Politics and Social Media

Newsweek magazine named YouTube’s Steve Grove as one of its “12 people to watch” in 2008. He is head of news and politics at YouTube, and I enjoyed sitting next to him and chatting at the New Media Academic Summit in Chicago. 

When it came time to speak in a session on presidential politics, Grove noted that technological innovation occurs in great leaps during wartime out of necessity, adding, “A presidential campaign is a lot like a war.” He said campaign strategists and online citizens have pioneered a lot of technological innovation during the 2008 presidential election.

For example, campaigns and independent campaign supporters now create videos for YouTube viewing. That didn’t happen in the 2004 presidential campaign… because YouTube didn’t even exist in 2004.

Camera phones and audio recorders now ensure that no candidate is ever off-the-record. That’s how Barack Obama’s statement at a private California fund-raiser about economically embattled Pennsylvania voters — quote: “And it’s not surprising then they get bitter, they cling to guns or religion or antipathy to people who aren’t like them or anti-immigrant sentiment or anti-trade sentiment as a way to explain their frustrations” — became national news.

Tech-savvy candidates now “twitter” (social networking through micro-blogs). When North Carolinian John Edwards suddenly stopped twittering, that became a sign that he was withdrawing from the race. One of Obama’s twitters made national headlines when he wrote of a Hillary Clinton suggestion: “In Columbus, MS & wondering how somebody who’s in second place is offering the vice presidency to the person who’s in first place.”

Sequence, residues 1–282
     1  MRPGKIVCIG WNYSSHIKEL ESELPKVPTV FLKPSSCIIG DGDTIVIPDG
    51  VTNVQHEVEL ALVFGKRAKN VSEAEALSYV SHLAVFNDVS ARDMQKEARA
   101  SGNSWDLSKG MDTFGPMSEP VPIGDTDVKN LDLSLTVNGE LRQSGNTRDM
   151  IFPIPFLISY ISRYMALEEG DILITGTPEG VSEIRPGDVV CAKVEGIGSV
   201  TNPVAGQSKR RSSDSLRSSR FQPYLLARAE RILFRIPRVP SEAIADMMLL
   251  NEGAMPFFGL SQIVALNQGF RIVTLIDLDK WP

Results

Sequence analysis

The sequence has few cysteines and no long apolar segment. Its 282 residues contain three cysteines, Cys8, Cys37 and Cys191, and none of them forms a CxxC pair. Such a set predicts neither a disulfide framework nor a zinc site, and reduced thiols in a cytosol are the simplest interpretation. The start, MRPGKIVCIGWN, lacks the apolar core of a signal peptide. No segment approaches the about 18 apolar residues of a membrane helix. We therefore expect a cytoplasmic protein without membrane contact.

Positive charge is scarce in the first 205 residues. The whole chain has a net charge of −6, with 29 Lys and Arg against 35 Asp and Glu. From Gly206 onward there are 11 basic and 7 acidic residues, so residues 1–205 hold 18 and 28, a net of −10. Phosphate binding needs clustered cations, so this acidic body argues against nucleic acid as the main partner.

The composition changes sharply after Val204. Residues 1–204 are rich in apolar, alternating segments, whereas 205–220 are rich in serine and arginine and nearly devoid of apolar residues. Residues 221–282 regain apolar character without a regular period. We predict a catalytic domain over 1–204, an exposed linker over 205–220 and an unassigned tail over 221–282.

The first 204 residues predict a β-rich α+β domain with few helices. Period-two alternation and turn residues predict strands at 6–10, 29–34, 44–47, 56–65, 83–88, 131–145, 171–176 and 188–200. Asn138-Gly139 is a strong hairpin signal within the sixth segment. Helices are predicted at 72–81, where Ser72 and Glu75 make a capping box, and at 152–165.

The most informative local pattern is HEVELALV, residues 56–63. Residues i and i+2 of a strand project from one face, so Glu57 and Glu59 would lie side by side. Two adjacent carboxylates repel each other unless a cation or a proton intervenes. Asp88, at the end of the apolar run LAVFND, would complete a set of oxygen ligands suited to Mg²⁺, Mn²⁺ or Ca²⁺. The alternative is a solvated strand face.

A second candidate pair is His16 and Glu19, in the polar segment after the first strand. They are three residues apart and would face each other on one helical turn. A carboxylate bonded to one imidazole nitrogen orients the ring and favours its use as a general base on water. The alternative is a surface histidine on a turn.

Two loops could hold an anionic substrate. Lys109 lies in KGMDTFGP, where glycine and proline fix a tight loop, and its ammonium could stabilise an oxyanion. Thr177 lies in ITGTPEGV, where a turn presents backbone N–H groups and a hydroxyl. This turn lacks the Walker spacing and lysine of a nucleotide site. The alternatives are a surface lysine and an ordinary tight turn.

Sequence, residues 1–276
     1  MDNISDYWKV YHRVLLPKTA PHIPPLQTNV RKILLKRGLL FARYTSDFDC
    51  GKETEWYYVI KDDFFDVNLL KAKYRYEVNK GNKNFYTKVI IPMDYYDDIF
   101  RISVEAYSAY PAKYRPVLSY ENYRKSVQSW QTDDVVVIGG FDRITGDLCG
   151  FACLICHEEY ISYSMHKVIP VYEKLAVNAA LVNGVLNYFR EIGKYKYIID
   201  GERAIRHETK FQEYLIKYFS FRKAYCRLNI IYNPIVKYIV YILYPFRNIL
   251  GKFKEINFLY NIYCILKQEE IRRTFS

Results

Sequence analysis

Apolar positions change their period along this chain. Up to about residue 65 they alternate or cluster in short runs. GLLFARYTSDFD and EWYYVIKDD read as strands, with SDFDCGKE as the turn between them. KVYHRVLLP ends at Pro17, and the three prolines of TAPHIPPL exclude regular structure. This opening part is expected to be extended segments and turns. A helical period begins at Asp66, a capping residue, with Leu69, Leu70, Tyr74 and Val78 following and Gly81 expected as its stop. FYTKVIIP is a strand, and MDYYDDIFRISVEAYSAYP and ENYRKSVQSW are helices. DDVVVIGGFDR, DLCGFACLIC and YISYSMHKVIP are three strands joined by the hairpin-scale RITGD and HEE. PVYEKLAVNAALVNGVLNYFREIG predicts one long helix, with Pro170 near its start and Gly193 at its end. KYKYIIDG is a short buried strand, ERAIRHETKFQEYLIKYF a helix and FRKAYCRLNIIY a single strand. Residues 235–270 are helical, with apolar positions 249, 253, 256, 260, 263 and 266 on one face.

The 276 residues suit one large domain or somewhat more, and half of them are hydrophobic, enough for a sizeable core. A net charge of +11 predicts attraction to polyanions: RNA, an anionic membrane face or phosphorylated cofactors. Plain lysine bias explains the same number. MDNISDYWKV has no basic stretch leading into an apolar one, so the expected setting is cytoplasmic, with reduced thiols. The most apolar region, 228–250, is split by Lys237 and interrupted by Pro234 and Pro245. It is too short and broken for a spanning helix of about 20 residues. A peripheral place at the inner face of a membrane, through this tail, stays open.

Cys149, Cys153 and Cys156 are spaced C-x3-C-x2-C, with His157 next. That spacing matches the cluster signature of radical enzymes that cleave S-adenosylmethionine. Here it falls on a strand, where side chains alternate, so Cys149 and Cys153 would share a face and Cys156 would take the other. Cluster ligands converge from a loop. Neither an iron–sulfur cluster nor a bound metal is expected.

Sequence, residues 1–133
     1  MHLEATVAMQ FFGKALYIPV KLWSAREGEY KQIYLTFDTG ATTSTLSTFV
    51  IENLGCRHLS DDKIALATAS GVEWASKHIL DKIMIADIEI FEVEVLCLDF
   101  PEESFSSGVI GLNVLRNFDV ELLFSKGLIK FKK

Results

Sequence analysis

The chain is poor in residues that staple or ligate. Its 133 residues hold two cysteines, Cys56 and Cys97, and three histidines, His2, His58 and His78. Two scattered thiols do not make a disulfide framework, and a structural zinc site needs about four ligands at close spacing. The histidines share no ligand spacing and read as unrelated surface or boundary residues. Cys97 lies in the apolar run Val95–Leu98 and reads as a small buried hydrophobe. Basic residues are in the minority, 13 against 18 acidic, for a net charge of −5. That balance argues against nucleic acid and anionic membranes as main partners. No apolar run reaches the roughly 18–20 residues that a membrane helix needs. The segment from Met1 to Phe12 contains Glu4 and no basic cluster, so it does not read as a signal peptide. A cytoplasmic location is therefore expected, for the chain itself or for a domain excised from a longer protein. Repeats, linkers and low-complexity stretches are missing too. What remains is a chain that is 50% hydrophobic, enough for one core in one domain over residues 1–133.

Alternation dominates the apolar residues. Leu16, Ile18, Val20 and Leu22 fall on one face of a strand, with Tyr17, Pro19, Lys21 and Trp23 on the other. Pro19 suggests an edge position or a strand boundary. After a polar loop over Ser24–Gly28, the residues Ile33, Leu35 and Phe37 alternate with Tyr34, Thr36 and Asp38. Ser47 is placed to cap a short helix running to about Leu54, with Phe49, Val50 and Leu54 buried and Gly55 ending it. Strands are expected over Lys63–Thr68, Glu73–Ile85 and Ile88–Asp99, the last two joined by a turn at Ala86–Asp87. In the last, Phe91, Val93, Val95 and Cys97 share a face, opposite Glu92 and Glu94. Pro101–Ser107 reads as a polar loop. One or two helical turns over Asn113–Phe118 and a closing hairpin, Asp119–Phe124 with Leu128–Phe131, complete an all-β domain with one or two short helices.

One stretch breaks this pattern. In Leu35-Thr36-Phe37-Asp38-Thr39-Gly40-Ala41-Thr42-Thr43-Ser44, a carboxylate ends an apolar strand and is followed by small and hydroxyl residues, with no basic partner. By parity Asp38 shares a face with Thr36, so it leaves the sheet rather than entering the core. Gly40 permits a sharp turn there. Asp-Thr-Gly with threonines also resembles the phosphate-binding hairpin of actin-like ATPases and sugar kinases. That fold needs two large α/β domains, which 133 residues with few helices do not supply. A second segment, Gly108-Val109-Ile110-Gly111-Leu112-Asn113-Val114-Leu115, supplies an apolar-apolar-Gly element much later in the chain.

At the Chicago summit, a moderator commented on the political party nominees: “Obama is glued to his Blackberry, while McCain is a dinosaur who calls himself computer illiterate. But McCain does have open access for bloggers on the campaign trail.”

Finally, one speaker noted that corporate communications and political communications used to be separate concepts. Now they seem so similar, with their own versions of “product launch” and “crisis communications.”

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Explore posts in the same categories: Media and Politics, Social Media

One Comment on “Politics and Social Media”

  1. Glenn Scott Says:

    The current issue over politically sticky wikis illustrates your point again. Observers are noting that the Wikipedia sites of the eventual vice presidential nominees were heavily edited in the days preceding the announcements of running mates. The campaign organizers clearly were buffing up the bios, knowing that thousands of people would go to Wikipedia to learn more about Biden and Palin.

    We’ll be exploring issues like these in my Media & Culture course this semester. See our budding course blog: http://mediarising.wordpress.com


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